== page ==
Developing a Basic Airborne Infection Control Policy – Part 1

by | Nov 1, 2020 | LabStore Highlights | 0 comments

The subject title of this article can easily be misinterpreted as an introduction to a complicated set of guidelines and directives that require overly specialized safety equipment, voluminous documentation, and extensive time to develop. As with any compliance standard, much of this is dependent upon the specifics of the workplace and the potential airborne hazards within. In the basic clinical and anatomic pathology laboratory much of this has already been developed and exists within the Personal Protective Equipment (PPE) and related safety recommendations. Developing a more specific and efficacious Airborne Infection Control Policy (AICP) for your lab can be simply achieved by adding basic PPE equipment (such as facial masks) and extending the recommendations to a mandated imperative with routine monitoring and accountability.

While one of the most basic and common items in airborne infection control, the facial mask, has become a personal and/or political option in society, crises in healthcare such as the current Covid-19 novel virus pandemic, now requires healthcare to take leadership in removing the option component and developing separate mandatory compliance standards specific to each individual laboratory. Facial masks provide a ‘first line of defense’ protective barrier that blocks or significantly hinders the expulsion and transmission of minute oral fluid droplets or spray into the

World Health Organization (WHO) studies show that facial masks reduce the incidence of airborne transmission and infection by more than 80%. It is accepted that even though facial masks do not eliminate the possibility of airborne transmission, the amount of fluid/aerosol droplets and the distance they travel can be reduced from 12 feet to 3feet from person to person.

As previously stated, developing a compliance standard for the workplaces requires specificity. Cloth masks provide some degree of barrier protection but are not specifically designed for this purpose. The surgical mask (left image) designed for healthcare are a loose-fitting item that provides more of a physical barrier from the wearer to others in the environment. It is accepted for standard laboratory and limited patient exposure use, and filters 3.0 – 0.1 micron size particles. The N95 respirator (right image) is a tight-fitting mask that forms a seal around the mouth and nose. It is a much more efficient filtration system that filters as much as 10x fewer size minute particles, and provides dual exposure protection from wearer to the environment and better filtration from environment to the wearer. It is used for more critical care direct patient use, as in the front-line workers dealing directly with the patient.

Understandably an individual laboratory will determine which mask is more appropriate for their environment, but a new AICP standard should always state the specific item in use and a statement on monitoring and accountability. It should also be signed off by the laboratory or department safety officer.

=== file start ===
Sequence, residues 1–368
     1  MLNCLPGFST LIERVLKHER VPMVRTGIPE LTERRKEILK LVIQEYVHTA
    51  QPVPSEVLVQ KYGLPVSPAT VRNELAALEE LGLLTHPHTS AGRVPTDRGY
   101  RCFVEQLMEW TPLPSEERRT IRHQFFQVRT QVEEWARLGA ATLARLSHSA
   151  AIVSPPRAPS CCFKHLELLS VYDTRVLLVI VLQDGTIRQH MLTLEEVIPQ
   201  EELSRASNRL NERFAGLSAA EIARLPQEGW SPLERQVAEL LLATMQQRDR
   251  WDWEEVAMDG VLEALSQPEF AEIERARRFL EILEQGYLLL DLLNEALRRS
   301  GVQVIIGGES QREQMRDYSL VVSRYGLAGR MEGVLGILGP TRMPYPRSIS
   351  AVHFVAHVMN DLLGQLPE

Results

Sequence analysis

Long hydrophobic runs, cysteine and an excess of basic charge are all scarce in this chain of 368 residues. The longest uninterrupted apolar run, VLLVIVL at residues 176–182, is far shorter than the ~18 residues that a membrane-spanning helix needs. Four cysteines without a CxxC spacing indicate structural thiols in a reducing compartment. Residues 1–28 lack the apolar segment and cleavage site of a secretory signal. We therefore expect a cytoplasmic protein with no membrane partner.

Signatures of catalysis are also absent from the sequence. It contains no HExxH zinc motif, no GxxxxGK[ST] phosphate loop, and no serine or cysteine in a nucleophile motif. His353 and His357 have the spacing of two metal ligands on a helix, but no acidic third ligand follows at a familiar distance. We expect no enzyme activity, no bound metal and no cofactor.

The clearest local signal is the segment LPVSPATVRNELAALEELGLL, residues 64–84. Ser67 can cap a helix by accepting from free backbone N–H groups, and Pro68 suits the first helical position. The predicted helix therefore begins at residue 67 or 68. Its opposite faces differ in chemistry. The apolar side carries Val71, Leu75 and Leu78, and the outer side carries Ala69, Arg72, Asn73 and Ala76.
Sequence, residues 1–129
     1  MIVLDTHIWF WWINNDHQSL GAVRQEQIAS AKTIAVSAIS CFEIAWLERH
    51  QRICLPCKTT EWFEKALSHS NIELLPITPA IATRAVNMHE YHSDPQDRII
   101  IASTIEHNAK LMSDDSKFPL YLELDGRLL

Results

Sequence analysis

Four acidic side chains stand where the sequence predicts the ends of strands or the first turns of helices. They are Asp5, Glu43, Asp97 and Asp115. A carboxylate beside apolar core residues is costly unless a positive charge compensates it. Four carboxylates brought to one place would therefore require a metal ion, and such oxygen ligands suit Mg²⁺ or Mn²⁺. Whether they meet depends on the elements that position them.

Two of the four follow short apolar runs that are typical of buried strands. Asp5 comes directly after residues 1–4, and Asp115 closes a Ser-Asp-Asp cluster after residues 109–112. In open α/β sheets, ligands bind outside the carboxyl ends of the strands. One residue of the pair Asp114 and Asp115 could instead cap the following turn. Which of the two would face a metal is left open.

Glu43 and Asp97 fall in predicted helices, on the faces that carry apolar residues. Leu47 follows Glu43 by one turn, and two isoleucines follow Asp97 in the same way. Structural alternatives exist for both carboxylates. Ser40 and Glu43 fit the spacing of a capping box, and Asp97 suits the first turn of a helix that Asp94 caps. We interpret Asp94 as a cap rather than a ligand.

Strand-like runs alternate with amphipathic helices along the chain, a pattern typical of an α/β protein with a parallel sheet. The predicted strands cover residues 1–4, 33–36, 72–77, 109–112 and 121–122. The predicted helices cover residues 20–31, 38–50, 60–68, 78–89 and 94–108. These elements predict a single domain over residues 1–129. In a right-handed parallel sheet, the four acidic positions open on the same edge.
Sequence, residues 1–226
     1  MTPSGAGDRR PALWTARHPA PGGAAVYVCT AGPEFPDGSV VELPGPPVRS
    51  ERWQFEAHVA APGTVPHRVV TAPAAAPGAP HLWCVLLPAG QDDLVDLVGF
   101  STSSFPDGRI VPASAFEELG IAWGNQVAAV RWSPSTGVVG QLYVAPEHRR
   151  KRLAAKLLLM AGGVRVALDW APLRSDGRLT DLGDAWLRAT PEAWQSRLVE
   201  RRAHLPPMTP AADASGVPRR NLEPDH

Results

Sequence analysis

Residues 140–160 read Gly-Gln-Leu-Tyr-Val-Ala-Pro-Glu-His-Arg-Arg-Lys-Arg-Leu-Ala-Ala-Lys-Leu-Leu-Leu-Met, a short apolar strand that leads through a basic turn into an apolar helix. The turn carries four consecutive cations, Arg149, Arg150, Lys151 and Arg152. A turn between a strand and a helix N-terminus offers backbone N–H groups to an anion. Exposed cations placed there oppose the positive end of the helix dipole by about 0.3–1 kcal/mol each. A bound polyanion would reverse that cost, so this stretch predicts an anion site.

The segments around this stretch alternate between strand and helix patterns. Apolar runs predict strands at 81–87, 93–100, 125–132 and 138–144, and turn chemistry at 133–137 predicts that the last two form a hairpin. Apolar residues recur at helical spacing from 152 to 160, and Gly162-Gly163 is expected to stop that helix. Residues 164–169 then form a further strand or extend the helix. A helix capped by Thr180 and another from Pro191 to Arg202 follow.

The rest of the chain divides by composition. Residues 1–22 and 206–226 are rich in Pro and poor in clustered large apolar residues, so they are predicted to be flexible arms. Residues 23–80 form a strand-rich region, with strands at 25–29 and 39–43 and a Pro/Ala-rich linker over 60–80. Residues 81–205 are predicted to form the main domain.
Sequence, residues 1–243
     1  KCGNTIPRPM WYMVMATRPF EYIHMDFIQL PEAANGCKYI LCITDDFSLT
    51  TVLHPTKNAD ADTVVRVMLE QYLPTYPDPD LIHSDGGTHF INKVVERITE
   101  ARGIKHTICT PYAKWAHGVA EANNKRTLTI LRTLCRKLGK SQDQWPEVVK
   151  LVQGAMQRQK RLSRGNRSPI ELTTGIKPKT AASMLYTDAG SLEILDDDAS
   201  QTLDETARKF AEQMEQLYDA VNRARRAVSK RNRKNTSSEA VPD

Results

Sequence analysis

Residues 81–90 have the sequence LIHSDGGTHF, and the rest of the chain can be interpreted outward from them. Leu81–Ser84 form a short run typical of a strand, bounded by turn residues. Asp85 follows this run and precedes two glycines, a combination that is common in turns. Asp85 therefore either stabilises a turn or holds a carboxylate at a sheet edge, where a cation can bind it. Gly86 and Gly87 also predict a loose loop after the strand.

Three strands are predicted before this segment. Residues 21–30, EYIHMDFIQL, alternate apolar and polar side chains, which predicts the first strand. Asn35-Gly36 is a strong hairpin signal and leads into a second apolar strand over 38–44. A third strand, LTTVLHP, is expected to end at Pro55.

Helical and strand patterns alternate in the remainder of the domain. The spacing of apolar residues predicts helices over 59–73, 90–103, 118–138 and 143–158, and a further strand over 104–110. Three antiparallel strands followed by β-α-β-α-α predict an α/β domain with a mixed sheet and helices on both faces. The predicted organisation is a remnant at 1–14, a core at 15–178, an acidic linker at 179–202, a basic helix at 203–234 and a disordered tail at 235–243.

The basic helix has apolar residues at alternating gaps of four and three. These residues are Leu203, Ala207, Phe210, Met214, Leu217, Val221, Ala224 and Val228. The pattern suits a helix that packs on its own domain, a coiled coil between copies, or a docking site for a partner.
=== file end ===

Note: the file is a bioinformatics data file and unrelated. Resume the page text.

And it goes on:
There has been much discussion on the need and efficacy of facial shields in the laboratory as an added protection. Facial shields were designed as a safety barrier for the eyes and partial face. While they can be an essential PPE device used to enhance personal safety, facial shields are more specifically designed to protect the eyes and face from debris or flying objects. By itself it is not an effective device for an AICP standard. Airborne particles, particularly in aerosol form, easily spread beyond the material barrier of the shield and disperse themselves into the environment. There is little to no protection for the wearer from aerosol particles coming from the environment and do not effectively block transmission. If used, facial shield should always be used in conjunction with a surgical or N95 mask and when appropriate with safety glasses.

In closing, it is unfortunate that the subject of mask wearing and the proven success that it has demonstrated in reducing airborne viral transmission, has been compromised by other biases and objectives having little to do with safety. Optimal patient care and the personal safety of healthcare workers must always be the prime objective to ensure a healthy and safe environment. Patients depend on those who are their trained and skilled caregivers to do the patient no harm in the care they provide. Healthcare workers must also be able to depend on their institutions to ensure the best safety protection and conditions they need to carry out their role. Hopefully through developing new AICP standards we will help keep the focus on the prime objective.

In Part 2 of this subject of developing an AICP standard we will further discuss how to draft a simple policy standard for your laboratory, as well as introduce other low-cost aerosol control filtration systems that can be used in the lab environment.

References:

  • www.cdc.gov./coronavirus/2019-ncov
  • www.livescience.com/face-masks
  • www.fda.gov./medical-devices
  • Brown, S., ‘Enhancing PPE Methods Amidst Covid-19 Crisis’ , article, labstore.com, 2020.

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